Proactive Tax Planning Relative to Potential Tax Changes

Aug 18, 2021 | Tax Topics

Careful tax planning is always important to ensure you don’t miss financial opportunities.  Strategic tax planning this year could be especially critical given the potential for tax changes.

The Biden administration has floated reform proposals to increase taxes in a number of ways.  We might face tax changes before year-end, they could happen in 2022, or they might not happen at all.

We discuss how to approach tax planning given the level of uncertainty to ensure you’re prepared to make wise decisions before year-end.

 

Potential Tax Changes

Proposed tax reform changes have varied, but the current key points include the following:

  • Raising top income rate from 37% to 39.6%.
  • Taxing capital gains and qualified dividends at a top marginal rate of 39.6% (up from 20%) for taxpayers with taxable income over $1 million.
  • Taxing unrealized capital gains above $1 million at death.
  • Imposing additional taxes of 3.8% to active pass-through business income over $400,000.
  • Increasing the domestic corporate tax rate to 28% (up from 21%).

Possible Year-End Tax Strategies to Consider

Strategies to consider this year include a number of traditional approaches, plus some alternative options, particularly if there’s strong potential for tax reform in 2022 or beyond.

Key traditional strategies that we always explore include the following:

  • Tax Deferred Retirement Plan Contributions: Maximizing contributions to retirement plans can improve your current year tax planning and future year retirement planning.
  • Capital Gains: Strategic planning on capital gains can help to take advantage of tax-free gains or avert undesirable tax impacts.
  • Roth IRA Conversions: Elective Roth IRA conversions can help to reduce future tax burdens.
  • Charitable Giving: Strategic charitable giving can benefit organizations and help to reduce your taxable income.   Careful planning might be required with new higher standard deductions.
  • Required Minimum Distributions (RMDs): RMDs are mandatory in 2021.  If you’re age 70 ½ or older, qualified charitable distributions (QCDs) might be the best strategy for charitable intents.
  • College Account Contributions: Certain college savings contributions could help to reduce your taxable income for the benefit of children, grandchildren or other family members.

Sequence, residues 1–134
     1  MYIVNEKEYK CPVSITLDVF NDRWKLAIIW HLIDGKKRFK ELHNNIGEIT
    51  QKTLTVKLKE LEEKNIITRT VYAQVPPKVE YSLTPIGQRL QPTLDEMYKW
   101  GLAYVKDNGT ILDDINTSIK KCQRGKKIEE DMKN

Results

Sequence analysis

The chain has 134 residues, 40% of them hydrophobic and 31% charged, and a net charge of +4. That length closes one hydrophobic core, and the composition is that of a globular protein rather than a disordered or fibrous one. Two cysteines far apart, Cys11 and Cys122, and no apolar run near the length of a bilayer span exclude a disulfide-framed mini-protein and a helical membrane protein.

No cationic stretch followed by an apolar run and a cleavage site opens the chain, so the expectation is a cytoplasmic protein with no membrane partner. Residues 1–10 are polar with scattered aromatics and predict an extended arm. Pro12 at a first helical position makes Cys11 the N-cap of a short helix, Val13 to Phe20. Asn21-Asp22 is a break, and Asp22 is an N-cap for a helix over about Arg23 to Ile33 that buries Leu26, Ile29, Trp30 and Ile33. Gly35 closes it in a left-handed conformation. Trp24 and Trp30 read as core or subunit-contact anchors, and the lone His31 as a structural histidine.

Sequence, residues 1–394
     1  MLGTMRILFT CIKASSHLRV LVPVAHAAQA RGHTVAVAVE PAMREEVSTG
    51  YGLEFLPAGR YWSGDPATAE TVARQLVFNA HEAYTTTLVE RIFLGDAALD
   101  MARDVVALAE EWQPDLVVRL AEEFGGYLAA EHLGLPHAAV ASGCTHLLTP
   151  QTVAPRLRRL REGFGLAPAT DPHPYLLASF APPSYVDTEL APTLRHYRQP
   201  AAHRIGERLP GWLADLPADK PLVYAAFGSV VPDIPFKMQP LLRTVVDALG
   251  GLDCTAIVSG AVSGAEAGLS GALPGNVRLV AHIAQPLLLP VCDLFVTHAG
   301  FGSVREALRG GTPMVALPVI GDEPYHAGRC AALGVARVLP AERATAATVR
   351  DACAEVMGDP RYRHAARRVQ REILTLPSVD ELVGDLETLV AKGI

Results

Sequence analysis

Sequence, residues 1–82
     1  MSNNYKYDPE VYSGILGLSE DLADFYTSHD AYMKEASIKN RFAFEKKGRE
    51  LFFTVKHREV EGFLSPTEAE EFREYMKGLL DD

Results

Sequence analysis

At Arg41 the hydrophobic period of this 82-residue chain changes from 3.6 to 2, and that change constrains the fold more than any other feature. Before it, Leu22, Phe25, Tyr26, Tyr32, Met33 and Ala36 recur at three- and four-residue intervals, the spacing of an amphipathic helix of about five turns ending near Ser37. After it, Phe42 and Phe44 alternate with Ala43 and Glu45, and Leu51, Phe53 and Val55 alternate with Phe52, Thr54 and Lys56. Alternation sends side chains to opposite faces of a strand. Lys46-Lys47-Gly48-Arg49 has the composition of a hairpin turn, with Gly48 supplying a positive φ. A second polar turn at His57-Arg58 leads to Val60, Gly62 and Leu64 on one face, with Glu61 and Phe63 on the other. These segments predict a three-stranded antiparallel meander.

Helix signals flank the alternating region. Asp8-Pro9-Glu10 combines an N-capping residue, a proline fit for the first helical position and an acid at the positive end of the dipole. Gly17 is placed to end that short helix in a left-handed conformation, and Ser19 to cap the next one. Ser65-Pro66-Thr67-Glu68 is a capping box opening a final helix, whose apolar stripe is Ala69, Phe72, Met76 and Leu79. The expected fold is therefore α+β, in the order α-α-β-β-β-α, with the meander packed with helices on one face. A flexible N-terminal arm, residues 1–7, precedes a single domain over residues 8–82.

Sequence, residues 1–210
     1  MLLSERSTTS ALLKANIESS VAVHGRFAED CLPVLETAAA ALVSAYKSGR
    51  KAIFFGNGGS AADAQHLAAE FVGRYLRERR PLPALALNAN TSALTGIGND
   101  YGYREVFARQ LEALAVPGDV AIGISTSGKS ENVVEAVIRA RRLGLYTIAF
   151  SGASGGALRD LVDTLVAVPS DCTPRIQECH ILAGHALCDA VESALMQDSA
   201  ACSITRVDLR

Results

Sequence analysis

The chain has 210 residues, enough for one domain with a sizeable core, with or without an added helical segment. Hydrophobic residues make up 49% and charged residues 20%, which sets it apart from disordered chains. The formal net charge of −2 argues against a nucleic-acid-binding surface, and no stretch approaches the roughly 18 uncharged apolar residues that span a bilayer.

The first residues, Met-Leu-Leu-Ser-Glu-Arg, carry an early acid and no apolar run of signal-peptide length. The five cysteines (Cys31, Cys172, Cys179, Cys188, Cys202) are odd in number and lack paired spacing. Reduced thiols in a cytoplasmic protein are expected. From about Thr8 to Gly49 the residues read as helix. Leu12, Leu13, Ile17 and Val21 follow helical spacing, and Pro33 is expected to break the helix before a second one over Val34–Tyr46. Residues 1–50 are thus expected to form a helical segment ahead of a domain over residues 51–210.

• Family Gifts: Elective lifetime gifts might be appropriate to reduce your future estate tax burden.
  • Estimated Tax Payments: Estimated tax payments may be necessary to avert tax penalties and interest.

Strategies of particular interest this year relative to potential tax changes include:

  • Elective Capital Gain Realization: Potential changes in capital gain taxes realized during lifetime and potentially imposed upon assets at death could warrant elective capital gain realization.  This is particularly worthy of consideration if your capital gain taxes might be less this year than if deferred into the future.
  • Roth IRA Conversions: An elective Roth IRA conversion might make sense if you can pay taxes at a lower rate now than the rate you will pay in the future, particularly when RMDs commence at age 72.
  • Family Gifts: Individuals potentially facing estate taxes and/or who hold significant capital gains in their assets might wish to consider gifting assets during lifetime.  Historically, it’s been best to gift assets with high cost basis (or low embedded capital gains).  However, the potential for capital gains to be taxed at death could make lifetime gifts of appreciated assets more attractive.
    • Note: It’s important to remember that the current estate tax exemption of $11.7 million per person is set to reduce to $5 million in 2026 without any further tax changes. 

Year-End Efforts and Timing

Year-end tax planning season is typically busy for most professionals, and it could be busier than normal this year.  This extends to accountants, financial advisors, attorneys, account custodians and others.   It’s important to relay any financial updates to your advisors in advance of year-end to ensure everyone has adequate time to evaluate, discuss, and act.

SageVest is committed to helping identify proactive planning strategies toward your current and future financial goals.  Tax planning strategies are just one element of our broader services extended on your behalf.

 

Prepared by SageVest Wealth Management. Copyright .
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The information contained herein is obtained from sources believed to be reliable, but its accuracy or completeness is not guaranteed. This article is for informational purposes only. The views expressed are those of SageVest Wealth Management and should not be construed as investment advice. All expressions of opinions are subject to change and past performance is no guarantee of future results. SageVest Wealth Management does not render legal, tax, or accounting services. Accordingly, you, your attorneys and your accountants are ultimately responsible for determining the legal, tax and accounting consequences of any suggestions offered herein.

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